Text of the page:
On another subject, the article makes the Islamic empire to seem as if they played a great role in the development of science, mathematics, and the academy.  In fact the article plainly states,

“Science and math as we know it wouldn’t even exist without Islam. The Islamic  Golden Age caused a revolution in virtually every field of human thought,  during which they (expletive) invented algebra — and advanced everything from geography and exploration  to the arts, architecture, philosophy, urban development, medicine and health.”

What a bold assertion.  This is interesting because, only once in human history has science been organized and sustained enterprise.  Where did it arise?  The Middle East?  No.  Europe.  The West.  Why did modern science develop here and nowhere else? In his September 12, 2006, speech in Regensburg, Germany, Pope Benedict XVI argued that it was due to Christianity’s emphasis on the importance of reason. The pope argued that reason is a central distinguishing feature of Christianity. While the Regensburg address became controversial because of the pope’s remarks about Islam, on his point about Christianity and reason he was right. An unbiased look at the history of science shows that modern science is an invention of medieval Christianity, and that the greatest breakthroughs in scientific reason have largely been the work of Christians. Even atheist scientists work with Christian assumptions that, due to their ignorance of theology and history, are invisible to them.Before religion as we understand the term, there was animism, which was based on the idea of an enchanted universe. Every river, every tree, and every stone was thought to be populated by spirits. The world was mysterious, capricious, unpredictable, and uncontrollable. Then came the various polytheistic religions, like those of the Babylonians, the Egyptians, and the Greeks. Each of these religions posited divine beings—sometimes immortal, sometimes not—who involved themselves in the daily workings of nature, creating storms and earthquakes, turning humans into stags, and so on. Then appeared the great religions of the East, Hinduism and Buddhism, followed by the three great monotheistic religions, Judaism, Christianity, and Islam.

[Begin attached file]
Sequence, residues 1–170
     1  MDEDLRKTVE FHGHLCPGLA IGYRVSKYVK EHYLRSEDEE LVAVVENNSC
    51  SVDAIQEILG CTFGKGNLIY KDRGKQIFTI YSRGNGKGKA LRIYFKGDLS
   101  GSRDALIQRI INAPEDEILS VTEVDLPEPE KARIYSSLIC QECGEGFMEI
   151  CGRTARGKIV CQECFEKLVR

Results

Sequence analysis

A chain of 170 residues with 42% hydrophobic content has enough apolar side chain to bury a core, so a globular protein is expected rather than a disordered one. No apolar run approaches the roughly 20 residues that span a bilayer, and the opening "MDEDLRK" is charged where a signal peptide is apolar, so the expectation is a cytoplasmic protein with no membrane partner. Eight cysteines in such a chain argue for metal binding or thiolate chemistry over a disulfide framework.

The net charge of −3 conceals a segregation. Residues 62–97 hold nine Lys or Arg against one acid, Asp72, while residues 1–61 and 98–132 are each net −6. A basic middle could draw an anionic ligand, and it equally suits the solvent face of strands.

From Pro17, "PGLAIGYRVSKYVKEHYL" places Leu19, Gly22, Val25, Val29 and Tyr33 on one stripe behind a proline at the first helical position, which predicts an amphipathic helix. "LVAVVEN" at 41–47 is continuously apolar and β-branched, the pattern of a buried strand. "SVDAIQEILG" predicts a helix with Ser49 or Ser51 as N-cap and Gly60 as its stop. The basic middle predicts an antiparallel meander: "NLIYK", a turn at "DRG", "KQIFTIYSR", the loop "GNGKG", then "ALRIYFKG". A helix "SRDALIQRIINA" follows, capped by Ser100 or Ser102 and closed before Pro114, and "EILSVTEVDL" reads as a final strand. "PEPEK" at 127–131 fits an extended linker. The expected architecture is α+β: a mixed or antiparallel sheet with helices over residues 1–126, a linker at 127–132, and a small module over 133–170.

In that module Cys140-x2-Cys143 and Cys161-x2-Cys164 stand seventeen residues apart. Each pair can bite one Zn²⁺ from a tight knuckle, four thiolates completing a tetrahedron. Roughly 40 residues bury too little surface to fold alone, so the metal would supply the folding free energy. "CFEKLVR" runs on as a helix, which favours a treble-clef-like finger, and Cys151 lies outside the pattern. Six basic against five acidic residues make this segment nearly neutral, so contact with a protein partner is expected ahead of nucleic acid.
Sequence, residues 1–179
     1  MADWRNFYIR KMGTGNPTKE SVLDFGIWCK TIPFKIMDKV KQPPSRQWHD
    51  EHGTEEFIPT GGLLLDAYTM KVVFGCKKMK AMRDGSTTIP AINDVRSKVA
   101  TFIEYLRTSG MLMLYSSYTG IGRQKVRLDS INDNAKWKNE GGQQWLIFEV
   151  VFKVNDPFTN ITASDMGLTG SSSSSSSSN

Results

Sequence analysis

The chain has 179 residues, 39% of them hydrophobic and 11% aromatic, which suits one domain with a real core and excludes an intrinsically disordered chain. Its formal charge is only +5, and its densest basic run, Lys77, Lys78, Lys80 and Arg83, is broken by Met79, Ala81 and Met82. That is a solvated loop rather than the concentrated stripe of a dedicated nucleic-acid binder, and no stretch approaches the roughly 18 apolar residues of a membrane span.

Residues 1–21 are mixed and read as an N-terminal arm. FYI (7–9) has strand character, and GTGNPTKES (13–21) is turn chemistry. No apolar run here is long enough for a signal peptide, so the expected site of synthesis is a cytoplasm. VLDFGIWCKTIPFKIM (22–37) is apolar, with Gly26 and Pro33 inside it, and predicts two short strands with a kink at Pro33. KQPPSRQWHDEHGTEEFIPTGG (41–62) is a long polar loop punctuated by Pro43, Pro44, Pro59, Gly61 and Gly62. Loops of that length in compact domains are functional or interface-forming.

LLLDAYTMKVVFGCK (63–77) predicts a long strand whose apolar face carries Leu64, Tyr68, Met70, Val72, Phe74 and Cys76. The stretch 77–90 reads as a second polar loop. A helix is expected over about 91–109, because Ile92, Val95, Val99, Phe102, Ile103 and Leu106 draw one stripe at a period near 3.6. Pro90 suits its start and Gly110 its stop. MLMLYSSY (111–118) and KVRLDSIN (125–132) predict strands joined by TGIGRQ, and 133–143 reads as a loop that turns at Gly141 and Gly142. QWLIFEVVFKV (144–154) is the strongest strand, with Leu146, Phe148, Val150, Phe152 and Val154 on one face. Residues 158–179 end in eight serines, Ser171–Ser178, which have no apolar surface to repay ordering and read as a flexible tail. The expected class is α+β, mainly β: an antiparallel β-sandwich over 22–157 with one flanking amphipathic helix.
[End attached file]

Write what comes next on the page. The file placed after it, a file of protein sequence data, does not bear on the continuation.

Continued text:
Now out of all these different views, only one—Christianity—was built upon reason.  Islam is primarily a religion of law—which says there is a divine lawgiver who issues commands both for nature and humans.  The laws are revealed to man, and they must follow them.  Muslims may debate amongst themselves, but at the end of the day, they are confined to the best way to interpret and apply the written edicts.  Christianity is not like this.  Christianity is based around creed.  It is interested with doctrine, which is a true set of beliefs about man’s relationship to God.